0757 GMT October 25, 2020
With tensions mounting between Westminster and city regions, led by Greater Manchester, over attempts to impose further COVID restrictions, the chancellor, Rishi Sunak, is facing growing pressure to give greater support to young people trying to get on the first rung of the jobs ladder, theguardian.com reported.
Research by one of the UK’s leading labor-market experts, Paul Gregg, professor of economic and social policy at Bath University, reveals that almost one million vulnerable 16- to 24-year-olds who are not in full-time education or employment will face significant barriers to work when the furlough scheme ends this month.
The warning comes as the archbishop of Canterbury, Justin Welby, joined the debate, calling for a program to encourage full employment that he described as “a matter of conscience”. He said: “It is a fundamental matter of respect and love for our neighbor that in our nation the economy is meant, among other things, to serve the cause of fulfilling work for all.”
The new study finds that the end of furlough, the scarcity of new positions and the arrival of school and college leavers in the job market will present young people with bleak prospects unless more support is offered. It warns that the prime minister’s “opportunity guarantee” to young people of an apprenticeship or an in-work placement falls “significantly short of what is needed”.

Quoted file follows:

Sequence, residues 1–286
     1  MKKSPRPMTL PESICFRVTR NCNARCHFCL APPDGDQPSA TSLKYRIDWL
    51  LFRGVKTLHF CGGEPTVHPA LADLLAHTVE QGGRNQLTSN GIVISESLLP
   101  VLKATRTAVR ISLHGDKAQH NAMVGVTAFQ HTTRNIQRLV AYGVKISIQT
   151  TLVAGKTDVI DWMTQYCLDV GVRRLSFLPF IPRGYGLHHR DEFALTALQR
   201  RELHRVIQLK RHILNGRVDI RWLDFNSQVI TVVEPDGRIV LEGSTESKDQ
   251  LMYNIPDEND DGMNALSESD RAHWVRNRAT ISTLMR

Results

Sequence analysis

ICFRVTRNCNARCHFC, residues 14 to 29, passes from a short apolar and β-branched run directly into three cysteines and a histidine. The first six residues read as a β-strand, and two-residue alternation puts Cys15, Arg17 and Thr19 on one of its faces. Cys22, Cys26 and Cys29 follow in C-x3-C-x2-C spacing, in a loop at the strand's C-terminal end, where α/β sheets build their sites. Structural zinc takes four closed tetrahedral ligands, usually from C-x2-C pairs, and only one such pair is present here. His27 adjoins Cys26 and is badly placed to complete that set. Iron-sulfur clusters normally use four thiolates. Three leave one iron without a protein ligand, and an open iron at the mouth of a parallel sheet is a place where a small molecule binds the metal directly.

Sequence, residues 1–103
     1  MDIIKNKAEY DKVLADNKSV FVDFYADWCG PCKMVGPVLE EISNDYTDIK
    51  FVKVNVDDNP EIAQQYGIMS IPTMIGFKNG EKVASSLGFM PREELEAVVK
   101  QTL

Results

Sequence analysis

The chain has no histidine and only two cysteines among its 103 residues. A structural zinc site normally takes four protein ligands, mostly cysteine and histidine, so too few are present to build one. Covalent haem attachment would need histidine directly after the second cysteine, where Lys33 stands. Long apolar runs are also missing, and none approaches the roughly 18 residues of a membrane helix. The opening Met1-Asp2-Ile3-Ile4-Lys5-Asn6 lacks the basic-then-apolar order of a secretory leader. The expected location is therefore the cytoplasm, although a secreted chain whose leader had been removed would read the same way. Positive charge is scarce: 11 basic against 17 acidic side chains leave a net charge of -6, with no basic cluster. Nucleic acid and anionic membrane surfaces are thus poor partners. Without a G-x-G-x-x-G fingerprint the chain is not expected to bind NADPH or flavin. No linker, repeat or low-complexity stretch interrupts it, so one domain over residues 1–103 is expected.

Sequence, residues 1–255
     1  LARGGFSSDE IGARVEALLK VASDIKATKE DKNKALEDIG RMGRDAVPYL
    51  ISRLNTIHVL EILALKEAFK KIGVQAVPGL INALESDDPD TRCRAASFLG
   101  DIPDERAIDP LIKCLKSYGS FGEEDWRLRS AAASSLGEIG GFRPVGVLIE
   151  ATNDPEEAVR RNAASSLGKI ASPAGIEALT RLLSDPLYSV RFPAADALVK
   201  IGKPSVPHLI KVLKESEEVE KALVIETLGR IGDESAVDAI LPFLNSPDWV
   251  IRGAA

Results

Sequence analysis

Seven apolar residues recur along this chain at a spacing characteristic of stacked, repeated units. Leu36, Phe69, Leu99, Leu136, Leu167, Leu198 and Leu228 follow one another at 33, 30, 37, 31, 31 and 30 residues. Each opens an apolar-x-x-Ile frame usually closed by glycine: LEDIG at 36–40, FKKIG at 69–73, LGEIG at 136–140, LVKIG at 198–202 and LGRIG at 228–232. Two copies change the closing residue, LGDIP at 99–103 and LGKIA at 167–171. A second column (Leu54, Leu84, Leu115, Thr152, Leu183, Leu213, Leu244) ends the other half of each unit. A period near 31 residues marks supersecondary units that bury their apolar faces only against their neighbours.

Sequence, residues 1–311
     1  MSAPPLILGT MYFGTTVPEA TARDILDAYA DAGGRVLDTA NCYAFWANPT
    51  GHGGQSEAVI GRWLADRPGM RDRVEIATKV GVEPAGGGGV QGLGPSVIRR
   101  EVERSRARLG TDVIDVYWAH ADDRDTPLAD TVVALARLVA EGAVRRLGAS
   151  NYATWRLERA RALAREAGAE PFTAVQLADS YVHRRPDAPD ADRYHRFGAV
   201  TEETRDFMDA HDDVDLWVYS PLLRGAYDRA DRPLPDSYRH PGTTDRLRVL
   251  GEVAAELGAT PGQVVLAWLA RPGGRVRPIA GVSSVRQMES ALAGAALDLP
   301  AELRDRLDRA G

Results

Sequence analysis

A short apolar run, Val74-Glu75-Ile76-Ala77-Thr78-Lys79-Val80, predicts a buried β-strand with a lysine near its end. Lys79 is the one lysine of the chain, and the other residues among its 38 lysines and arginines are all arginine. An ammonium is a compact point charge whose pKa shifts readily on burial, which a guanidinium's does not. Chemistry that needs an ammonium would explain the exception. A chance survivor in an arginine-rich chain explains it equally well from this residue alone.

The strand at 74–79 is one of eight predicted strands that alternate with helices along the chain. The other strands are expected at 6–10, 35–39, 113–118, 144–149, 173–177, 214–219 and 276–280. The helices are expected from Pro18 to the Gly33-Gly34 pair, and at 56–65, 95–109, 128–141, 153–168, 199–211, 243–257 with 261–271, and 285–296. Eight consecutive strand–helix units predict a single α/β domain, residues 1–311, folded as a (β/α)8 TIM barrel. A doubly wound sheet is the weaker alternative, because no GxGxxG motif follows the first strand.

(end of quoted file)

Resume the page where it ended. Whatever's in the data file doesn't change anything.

On Sunday, the mayor of Greater Manchester, Andy Burnham, who is resisting calls for his region to be placed in the new tier 3 restrictions, was expected to call for parliament to intervene to break the deadlock with regions by creating a fair system of support for people whose employers have to close their businesses as a result of anti-infection measures.
Further evidence of the growing tension within the Conservative party has emerged after it was revealed 20 MPs from Conservative heartland seats in southern England have written to the Labor leader, Kier Starmer, and Greater Manchester mayor, Andy Burnham, asking them to work with the government’s regional policy. Starmer has called on the government to impose a two-week “circuit breaker” lockdown.
The letter, signed by Norfolk MP Jerome Mayhew, said a national lockdown is the wrong approach. It said that businesses would close and jobs would be lost in Manchester irrespective of a national or regional lockdown. It goes on to claim that a national lockdown would cause tens of thousands of job losses in southern Tory constituencies despite the fact most are areas of low infection prevalence. Steve Double, Damian Green, Dan Poulter and Anne-Marie Morris are other Tories to sign.